The idea of remaking the Marathi film dawned upon Khan when the DOP (director of photography) of Dabangg 3, Mahesh Limaye narrated the story to the actor as Limaye had shot the original film. However, the Antim team decided to tweak it a bit. “I saw the Marathi film much later when I was sitting at my farmhouse and I really loved the subject. The idea was stuck in my head. There were two characters (a cop and a gangster) who come from a similar situation and they take different paths. But I realised that they had left the cop's character halfway and the cop had only four or five scenes in the Marathi film. I felt that both the characters needed to have equal time. In fact, we decided to make this film more from the cop’s point of view. There have been talks that this was Aayush Sharma’s film. He is there in the film but the movie paaji ki hi hai (the movie belongs to me) (smiles). I started working on the script with Mahesh (Manjrekar, Director). We have only picked up the basic plot from the original. The screenplay has been changed and it is a different film altogether. It is lavishly mounted while the original was made on a limited budget,” said Khan.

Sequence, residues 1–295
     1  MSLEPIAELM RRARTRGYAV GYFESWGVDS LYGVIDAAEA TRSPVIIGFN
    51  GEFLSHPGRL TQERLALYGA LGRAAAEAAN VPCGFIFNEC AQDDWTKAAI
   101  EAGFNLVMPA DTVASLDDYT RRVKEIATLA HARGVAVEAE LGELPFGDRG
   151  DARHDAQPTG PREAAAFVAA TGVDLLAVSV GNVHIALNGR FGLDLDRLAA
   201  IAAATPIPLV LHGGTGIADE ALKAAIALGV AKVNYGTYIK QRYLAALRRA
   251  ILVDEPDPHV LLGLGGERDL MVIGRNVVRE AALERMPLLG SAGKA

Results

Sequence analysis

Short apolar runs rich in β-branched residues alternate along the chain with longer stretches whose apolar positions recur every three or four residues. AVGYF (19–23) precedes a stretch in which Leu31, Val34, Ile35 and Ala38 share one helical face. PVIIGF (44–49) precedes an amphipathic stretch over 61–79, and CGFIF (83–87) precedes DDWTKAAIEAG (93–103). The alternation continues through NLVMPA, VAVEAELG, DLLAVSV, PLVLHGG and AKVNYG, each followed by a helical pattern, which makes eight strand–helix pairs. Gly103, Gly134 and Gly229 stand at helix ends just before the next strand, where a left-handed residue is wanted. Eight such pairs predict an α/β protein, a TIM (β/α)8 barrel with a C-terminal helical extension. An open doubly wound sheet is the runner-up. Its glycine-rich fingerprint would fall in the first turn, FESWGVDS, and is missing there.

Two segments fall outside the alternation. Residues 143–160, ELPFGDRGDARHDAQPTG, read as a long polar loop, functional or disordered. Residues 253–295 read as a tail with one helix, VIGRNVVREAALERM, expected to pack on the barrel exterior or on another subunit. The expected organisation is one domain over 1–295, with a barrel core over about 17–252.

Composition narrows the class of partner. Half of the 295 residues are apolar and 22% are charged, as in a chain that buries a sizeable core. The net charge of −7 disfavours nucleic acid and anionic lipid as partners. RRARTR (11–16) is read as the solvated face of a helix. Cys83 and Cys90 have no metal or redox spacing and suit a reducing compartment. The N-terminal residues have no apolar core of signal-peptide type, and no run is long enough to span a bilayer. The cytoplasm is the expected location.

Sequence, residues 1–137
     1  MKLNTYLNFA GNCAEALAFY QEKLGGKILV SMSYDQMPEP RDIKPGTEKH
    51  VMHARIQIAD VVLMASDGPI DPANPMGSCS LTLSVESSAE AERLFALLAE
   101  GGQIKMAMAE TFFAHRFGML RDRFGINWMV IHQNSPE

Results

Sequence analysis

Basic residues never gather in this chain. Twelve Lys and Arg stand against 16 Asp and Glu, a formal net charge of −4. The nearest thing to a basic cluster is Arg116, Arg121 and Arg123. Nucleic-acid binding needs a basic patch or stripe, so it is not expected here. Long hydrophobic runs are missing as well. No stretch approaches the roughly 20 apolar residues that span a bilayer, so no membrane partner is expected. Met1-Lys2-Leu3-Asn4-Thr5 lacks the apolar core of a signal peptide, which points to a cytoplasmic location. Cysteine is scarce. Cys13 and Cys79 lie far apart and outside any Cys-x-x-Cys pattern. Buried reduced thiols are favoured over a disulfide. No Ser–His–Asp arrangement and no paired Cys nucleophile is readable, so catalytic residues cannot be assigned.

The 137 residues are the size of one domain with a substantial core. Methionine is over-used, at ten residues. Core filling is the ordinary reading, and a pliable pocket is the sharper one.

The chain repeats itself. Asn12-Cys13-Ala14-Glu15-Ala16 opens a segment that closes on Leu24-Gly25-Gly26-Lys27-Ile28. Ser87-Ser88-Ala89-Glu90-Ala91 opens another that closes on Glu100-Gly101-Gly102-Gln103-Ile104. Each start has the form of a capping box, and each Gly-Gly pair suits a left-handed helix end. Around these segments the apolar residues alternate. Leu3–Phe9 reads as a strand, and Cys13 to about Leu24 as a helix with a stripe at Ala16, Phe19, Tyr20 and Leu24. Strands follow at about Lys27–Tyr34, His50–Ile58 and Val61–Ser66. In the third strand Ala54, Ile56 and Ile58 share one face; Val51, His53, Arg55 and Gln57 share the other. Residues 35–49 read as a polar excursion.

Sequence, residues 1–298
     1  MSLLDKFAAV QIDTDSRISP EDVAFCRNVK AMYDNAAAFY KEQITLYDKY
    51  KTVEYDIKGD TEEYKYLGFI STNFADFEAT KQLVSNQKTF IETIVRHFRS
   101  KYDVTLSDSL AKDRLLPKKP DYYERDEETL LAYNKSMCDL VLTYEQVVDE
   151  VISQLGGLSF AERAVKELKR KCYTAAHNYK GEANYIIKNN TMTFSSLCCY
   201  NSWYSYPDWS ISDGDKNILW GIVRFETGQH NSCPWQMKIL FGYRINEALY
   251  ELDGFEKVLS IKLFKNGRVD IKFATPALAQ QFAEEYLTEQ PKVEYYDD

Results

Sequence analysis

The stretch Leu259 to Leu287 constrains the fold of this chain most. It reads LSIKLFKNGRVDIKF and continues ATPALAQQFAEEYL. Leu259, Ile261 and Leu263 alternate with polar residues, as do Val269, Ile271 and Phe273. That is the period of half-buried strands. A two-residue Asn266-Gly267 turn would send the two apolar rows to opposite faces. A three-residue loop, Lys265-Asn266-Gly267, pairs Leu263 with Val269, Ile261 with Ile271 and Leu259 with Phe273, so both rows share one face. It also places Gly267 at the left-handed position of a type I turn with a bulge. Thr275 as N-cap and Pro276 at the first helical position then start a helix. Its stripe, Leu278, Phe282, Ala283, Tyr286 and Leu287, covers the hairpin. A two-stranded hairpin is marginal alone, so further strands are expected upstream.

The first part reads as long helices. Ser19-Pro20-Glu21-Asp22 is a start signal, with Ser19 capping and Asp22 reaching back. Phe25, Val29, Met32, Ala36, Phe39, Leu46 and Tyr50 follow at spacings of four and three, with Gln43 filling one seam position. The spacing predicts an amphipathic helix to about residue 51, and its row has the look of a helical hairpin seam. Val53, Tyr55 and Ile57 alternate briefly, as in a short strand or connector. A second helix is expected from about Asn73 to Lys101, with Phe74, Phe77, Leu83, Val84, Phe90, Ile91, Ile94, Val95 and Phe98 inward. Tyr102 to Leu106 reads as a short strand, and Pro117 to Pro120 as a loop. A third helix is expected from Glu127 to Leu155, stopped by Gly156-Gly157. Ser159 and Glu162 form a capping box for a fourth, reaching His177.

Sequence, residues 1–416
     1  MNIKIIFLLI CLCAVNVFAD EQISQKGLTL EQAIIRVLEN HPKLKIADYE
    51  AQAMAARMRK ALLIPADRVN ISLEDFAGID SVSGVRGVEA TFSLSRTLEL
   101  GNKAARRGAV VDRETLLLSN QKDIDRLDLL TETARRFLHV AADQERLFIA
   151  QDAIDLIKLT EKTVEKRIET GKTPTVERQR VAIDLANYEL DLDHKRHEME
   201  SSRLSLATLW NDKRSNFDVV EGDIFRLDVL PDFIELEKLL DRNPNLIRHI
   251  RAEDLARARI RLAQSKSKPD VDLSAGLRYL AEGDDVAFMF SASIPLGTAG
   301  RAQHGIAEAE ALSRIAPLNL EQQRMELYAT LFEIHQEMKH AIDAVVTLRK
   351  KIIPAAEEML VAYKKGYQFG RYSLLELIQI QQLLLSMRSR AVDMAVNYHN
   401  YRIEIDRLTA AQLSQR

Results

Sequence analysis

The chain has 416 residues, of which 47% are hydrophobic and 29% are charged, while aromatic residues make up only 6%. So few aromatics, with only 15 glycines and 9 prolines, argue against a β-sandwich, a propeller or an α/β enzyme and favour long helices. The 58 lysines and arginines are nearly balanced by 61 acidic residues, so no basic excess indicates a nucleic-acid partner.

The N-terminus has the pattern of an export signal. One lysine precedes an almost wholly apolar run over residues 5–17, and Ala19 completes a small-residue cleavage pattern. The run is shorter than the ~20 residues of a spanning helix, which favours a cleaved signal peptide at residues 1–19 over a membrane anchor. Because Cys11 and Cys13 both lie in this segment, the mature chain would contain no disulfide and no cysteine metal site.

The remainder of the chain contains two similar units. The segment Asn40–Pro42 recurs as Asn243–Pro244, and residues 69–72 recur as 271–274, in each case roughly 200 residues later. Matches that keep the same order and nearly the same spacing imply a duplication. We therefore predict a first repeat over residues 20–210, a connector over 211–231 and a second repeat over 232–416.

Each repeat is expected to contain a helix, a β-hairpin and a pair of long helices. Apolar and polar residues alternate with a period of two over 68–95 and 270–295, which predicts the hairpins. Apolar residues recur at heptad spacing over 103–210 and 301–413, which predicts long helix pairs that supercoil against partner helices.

“I was at the farm. My hair had grown long and so had my beard. We were supposed to shoot the film in Punjab but we couldn’t do it due to the lockdown. I realised that the story could be set in any village in our country. We have so many sikh cops here in Maharashtra, too. So that is how we decided to shoot the film here,” he added.
Contrary to his previous films where he played policeman, Antim features a cop with no romantic angle, nor the larger-than-life song sequences. Manjrekar had also mentioned that he stripped Khan off his stardom for this film. Explaining the same, Khan says that the objective was to not dilute the character of Rajveer Singh. “There is a stark difference in the characters of policemen that I have played in the past like Chulbul Pandey. Mahesh had guaranteed me that this would be one of my best cop characters and I agree. There is no shouting, no screaming, my character is a calm, hard-working policeman. We couldn’t have made this character like what we did in Dabangg. If I wanted to do that I would have made Dabangg 4.